Jacob Teitelbaum, MD discusses findings from a study on fish oil supplementation and exercise.
Not all oils are created equal, and different types are handled differently by the body. A recent study of fish oil supplementation found that folks who supplement with fish oil and also walked briskly 3 times a week for 45 minutes lost 1.5 kg (about 3 pounds) over 12 weeks without any other changes to their diet. One control group took sunflower oil and walked, and another control group took fish oil and didn’t walk. The only group with highly significant fat loss was the group that BOTH walked and supplemented, though the walking group with no fish oil saw a very slight improvement.
There are many theories why this should be so. One is that omega 3 fatty acids help activate fat burning enzymes in our body. Another is that when our body is replete with healthy oils, it lets go of fat more easily. This occurs with some other healthy fats as well. For example, in studies where walnuts were studied to lower cholesterol, those eating large amounts of extra (high fat) walnuts each day also did not gain weight.
The dose in this study was 6 grams of fish oil yielding about 1.9 grams of omega 3 fatty acids, including DHA and EPA. This would be 2-4 servings of tuna or salmon a week or 6 capsules of the double-strength size Eskimo 3, or 1 ½ teaspoons of liquid Eskimo 3 or Nordic Naturals fish oil per day. I am very picky about which fish oil I recommend, as many (if not most) are rancid and/or have toxins in them. If you would not eat a piece of fish that tastes like the oil, then the oil is likely rancid and should not be used.
Am J Clin Nutr. 2007 May;85(5):1267-74.
Combining Fish-Oil Supplements with Regular Aerobic Exercise Improves Body Composition and Cardiovascular Disease Risk Factors
Hill AM, Buckley JD, Murphy KJ, Howe PR.
Nutritional Physiology Research Centre and the Australian Technology Network Centre for Metabolic Fitness, University of South Australia, Adelaide, Australia.
BACKGROUND: Regular exercise and consuming long-chain n-3 fatty acids (FAs) from fish or fish oil can independently improve cardiovascular and metabolic health, but combining these lifestyle modifications may be more effective than either treatment alone.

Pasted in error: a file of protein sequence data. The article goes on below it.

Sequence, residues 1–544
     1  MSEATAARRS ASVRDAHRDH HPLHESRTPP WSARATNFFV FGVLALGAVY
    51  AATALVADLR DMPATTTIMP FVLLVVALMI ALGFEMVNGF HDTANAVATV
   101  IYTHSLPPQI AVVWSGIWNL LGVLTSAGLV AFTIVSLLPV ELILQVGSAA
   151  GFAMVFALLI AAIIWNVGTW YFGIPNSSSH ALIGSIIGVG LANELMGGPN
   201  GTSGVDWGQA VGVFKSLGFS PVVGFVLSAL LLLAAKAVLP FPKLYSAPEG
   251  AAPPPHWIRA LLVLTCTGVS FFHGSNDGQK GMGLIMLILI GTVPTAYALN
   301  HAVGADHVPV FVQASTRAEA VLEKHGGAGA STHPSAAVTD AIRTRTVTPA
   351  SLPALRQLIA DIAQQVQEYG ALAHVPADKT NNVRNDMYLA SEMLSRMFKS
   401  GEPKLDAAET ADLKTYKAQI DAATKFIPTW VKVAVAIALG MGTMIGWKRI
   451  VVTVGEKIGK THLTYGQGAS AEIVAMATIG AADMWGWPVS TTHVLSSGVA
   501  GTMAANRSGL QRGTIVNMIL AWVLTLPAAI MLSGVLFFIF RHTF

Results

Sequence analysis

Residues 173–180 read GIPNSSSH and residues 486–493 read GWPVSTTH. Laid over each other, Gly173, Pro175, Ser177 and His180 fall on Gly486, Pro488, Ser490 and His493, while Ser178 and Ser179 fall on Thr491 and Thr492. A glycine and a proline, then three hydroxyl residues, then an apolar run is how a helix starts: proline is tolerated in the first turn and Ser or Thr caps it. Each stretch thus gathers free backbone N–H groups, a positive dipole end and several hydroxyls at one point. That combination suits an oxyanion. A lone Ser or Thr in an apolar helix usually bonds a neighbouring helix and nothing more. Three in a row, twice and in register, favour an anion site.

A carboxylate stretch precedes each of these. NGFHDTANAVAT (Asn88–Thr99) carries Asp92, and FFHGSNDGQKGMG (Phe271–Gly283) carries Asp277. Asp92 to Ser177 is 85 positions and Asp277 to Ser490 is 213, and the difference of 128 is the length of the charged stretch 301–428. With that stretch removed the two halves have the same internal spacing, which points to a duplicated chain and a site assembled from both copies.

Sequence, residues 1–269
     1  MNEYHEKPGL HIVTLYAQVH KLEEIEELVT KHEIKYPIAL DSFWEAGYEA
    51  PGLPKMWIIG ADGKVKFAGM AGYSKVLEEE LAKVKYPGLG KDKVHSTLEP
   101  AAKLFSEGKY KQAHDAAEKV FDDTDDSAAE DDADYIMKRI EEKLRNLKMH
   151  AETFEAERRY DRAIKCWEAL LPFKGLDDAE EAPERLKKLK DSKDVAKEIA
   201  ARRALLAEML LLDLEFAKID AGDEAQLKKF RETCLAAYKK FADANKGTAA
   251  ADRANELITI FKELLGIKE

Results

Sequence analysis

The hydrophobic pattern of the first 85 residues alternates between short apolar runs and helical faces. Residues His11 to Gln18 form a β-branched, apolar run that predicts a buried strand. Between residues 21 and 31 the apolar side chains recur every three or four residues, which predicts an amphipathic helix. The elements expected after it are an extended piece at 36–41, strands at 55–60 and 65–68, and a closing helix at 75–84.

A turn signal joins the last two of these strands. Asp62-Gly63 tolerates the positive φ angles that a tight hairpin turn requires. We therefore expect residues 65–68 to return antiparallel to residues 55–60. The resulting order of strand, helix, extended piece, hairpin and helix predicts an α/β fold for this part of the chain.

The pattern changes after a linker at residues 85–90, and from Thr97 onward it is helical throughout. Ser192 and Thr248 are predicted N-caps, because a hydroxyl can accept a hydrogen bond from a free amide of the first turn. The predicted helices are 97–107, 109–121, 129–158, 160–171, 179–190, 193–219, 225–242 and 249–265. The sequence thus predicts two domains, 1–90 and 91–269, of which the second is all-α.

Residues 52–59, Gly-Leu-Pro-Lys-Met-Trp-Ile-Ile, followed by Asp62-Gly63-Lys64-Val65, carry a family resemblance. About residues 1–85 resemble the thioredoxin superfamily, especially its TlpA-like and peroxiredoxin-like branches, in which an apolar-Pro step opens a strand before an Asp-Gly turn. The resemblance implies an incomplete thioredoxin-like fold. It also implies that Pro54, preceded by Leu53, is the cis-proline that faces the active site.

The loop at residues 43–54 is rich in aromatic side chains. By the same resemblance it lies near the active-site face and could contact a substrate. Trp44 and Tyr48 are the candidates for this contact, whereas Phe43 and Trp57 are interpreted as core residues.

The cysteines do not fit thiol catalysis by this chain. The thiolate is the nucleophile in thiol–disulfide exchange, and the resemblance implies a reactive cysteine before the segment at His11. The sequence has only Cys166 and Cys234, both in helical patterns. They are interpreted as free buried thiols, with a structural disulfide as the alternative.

OBJECTIVE: We examined the individual and combined effects of n-3 FA supplements and regular exercise on body composition and cardiovascular health.
DESIGN: Overweight volunteers [body mass index (BMI; in kg/m(2)): >25] with high blood pressure, cholesterol, or triacylglycerols were randomly assigned to one of the following interventions: fish oil (FO), FO and exercise (FOX), sunflower oil (SO; control), or SO and exercise (SOX). Subjects consumed 6 g tuna FO/d (approximately 1.9 g n-3 FA) or 6 g SO/d. The exercise groups walked 3 d/wk for 45 min at 75% age-predicted maximal heart rate. Plasma lipids, blood pressure, and arterial function were assessed at 0, 6, and 12 wk. Body composition was assessed by dual-energy X-ray absorptiometry at 0 and 12 wk only.
RESULTS: FO supplementation lowered triacylglycerols, increased HDL cholesterol, and improved endothelium-dependent arterial vasodilation (P<0.05). Exercise improved arterial compliance (P<0.05). Both fish oil and exercise independently reduced body fat (P<0.05).
CONCLUSIONS: FO supplements and regular exercise both reduce body fat and improve cardiovascular and metabolic health. Increasing intake of n-3 FAs could be a useful adjunct to exercise programs aimed at improving body composition and decreasing cardiovascular disease risk.
PMID: 17490962 [PubMed – indexed for MEDLINE]
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Jacob Teitelbaum, MD, board certified internist and best-selling author of From Fatigued to Fantastic!, is also the author of landmark published research on effective treatments for Chronic Fatigue Syndrome and fibromyalgia. For more information on CFS, FM and other health topics, please visit his website at www.endfatigue.com.